Note: Borrowers UX remains super simple. They only have to decide borrow rate or liquidation threshold and the protocol decides the range for inverse range order.
Oracleless Lending Market
As we mentioned before, Uniswap v4 borrowing introduces inverse range order. Whenever a user creates a borrowing position, it creates an inverse range order using borrower’s collateral which acts as a liquidation range for the borrower. As collateral token price falls w.r.t to debt token, the inverse range order starts to shift from collateral to debt token. For example, if ETH goes down and the inverse range order of ETH collateral comes in range, it starts to shift to USDC while for LPs it works as usual their USDC in range starts to convert into ETH. Hence for LPs, their final position remains same as it would be without inverse range order as they get partially filled by inverse range order rather than from external swaps and start to earn a penalty rate on that reserved liquidity.
Inverse range order
Borrowers can determine their own LT (Liquidation threshold) this also determines the borrow rate. The inverse range order gets created according to the user's liquidation price. Higher LT creates thinner inverse range order while lower LT creates wider inverse range order.
Net liquidity is the liquidity after offsetting LP’s range order (positive liquidity) with borrower’s inverse range order (negative liquidity). This remaining liquidity is used on Uniswap v4 pools for traders to trade on.
There are a few novel and unique scenarios we can address and provide some analysis for.
For example what if someone attempts to manipulate the pool by filling the inverse range order, it will briefly push the borrower's position into the liquidation range. However, since there is no liquidation penalty, the manipulator won't receive any incentives. During this short period, borrowers will start paying a penalty rate, while LPs will start earning a penalty rate. Assuming a high penalty rate of around 20% and a liquidation state of 10 blocks (or 120 seconds), the total penalty incurred by the borrower will be 0.000076103%. Therefore, the manipulator will end up paying more fees on trades than the borrower's penalty.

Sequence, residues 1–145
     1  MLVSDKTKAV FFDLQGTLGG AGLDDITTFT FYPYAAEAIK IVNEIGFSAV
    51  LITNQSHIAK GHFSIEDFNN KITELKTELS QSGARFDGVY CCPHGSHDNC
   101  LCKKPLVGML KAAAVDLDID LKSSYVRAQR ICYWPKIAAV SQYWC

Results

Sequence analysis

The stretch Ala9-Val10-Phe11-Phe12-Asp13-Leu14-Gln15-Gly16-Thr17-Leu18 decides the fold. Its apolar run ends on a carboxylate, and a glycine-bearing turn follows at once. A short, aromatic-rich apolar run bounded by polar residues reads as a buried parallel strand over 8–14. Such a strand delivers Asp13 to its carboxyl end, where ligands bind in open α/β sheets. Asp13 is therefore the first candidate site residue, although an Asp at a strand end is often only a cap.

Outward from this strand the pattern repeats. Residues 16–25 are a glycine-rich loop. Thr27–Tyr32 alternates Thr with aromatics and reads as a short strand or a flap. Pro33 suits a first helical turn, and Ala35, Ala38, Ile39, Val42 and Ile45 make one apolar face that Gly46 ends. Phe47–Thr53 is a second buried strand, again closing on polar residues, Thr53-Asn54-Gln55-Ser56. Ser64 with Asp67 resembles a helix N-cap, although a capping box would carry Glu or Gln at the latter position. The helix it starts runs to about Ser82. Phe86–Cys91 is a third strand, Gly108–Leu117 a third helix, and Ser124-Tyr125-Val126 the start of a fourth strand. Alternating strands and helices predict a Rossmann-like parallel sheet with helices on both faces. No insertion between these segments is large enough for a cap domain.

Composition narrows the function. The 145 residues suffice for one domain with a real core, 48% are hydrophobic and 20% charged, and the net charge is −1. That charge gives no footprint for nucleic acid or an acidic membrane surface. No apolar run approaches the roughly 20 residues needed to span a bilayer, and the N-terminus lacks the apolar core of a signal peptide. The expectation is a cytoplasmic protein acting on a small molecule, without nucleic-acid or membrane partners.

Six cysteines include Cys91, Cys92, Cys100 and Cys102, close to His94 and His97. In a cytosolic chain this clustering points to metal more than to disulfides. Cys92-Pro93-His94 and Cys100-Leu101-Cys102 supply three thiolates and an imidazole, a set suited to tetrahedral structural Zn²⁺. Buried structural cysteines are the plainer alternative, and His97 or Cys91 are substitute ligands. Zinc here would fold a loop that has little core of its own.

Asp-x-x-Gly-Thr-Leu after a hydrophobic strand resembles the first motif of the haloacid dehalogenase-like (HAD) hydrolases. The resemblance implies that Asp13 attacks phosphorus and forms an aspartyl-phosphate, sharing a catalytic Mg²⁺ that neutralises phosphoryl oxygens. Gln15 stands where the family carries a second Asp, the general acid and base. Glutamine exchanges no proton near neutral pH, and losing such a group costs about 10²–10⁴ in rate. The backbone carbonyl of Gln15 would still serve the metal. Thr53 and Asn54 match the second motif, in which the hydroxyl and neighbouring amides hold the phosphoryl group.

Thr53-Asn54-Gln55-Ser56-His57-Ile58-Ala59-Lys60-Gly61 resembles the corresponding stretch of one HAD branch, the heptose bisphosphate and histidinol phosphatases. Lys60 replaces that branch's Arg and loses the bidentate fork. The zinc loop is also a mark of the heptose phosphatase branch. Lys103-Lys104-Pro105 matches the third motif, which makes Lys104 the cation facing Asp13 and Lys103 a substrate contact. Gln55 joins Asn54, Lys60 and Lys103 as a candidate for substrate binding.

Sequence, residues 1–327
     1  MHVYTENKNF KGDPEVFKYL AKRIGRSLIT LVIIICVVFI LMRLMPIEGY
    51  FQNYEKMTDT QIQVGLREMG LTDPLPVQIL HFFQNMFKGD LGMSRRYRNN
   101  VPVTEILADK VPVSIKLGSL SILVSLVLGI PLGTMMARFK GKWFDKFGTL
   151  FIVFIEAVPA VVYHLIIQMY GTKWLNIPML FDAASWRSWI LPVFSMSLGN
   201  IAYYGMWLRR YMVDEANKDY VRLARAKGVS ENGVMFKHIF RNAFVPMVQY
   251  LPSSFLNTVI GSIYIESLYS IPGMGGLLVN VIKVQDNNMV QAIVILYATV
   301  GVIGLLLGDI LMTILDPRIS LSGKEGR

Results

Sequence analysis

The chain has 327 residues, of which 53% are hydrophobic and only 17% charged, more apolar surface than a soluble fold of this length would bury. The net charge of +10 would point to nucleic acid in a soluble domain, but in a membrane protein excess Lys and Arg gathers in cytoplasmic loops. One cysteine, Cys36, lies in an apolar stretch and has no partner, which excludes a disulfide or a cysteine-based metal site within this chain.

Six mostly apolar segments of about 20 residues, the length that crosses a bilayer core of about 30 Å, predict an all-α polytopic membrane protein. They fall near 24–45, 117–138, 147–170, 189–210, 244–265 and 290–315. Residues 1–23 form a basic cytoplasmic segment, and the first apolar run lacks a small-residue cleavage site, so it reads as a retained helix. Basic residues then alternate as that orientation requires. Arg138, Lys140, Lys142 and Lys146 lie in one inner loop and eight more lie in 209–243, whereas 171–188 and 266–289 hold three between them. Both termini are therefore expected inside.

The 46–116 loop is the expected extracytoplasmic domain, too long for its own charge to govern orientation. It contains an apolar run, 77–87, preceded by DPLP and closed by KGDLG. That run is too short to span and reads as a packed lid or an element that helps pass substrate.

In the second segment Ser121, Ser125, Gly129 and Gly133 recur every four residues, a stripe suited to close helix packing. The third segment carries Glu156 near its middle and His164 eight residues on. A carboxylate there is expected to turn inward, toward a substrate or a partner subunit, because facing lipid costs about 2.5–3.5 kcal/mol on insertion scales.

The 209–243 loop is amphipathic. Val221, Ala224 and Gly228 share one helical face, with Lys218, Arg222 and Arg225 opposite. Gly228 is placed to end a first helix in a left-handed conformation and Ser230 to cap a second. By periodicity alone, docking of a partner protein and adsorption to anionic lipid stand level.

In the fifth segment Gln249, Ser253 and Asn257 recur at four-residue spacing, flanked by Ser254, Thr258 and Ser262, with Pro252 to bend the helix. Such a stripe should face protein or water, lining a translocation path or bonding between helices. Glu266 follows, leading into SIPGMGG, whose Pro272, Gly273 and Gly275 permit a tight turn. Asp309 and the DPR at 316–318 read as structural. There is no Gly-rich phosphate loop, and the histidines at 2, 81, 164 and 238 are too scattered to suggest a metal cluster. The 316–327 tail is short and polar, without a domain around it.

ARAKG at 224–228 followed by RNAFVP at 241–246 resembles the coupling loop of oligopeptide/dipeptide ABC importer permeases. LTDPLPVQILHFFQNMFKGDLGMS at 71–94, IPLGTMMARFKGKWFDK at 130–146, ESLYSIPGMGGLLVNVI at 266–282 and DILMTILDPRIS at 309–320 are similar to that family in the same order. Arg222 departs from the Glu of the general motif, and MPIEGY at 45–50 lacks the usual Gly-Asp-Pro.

Market price changes can cause a position to fall into the liquidation state. If a position falls into liquidation due to a price drop, but returns to its previous values the position will incur minimal loss through penalty rate. We call this a ‘Transient liquidation,’ if the collateral price incurs a short ‘flash crash’ condition the loss may be near zero. If a position remains below the liquidation threshold the collateral will continue to pay the liquidation penalty rate.
When LP's range orders is offsets by borrower's inverse range orders, can LPs still withdraw the liquidity?
Yes and no, LPs can withdraw excess liquidity (liquidity which is not reserved). No, not all LPs can withdraw liquidity at once. If some LPs withdraws the liquidity, the remaining LPs earnings will boost as liquidity will decrease but earnings from penalty rate will remain same, hence attracting more liquidity to be supplied in. Also, all LPs can instant withdraw if borrowers closes the position (removes their inverse range order) or if position decays more than the max limit.
A borrowing protocol built on Uniswap v4 will bring LPs three different revenue streams: trading fees, penalty rate & lending the out of range liquidity making Uniswap an even more attractive protocol for liquidity providers.
Uniswap's recent announcement of v4 has brought forth a world of exciting possibilities for the DeFi space. Instadapp has been diligently working on a groundbreaking concept to leverage Uniswap v4's unique liquidity range model.
The efficiencies brought by Uniswap v4 lay the foundation for a groundbreaking lending protocol directly built on Uniswap LPs. With the potential to unlock higher earnings for liquidity providers and mitigating the risk of oracle manipulation, Uniswap v4 is the medium to develop the next generation of lending protocol.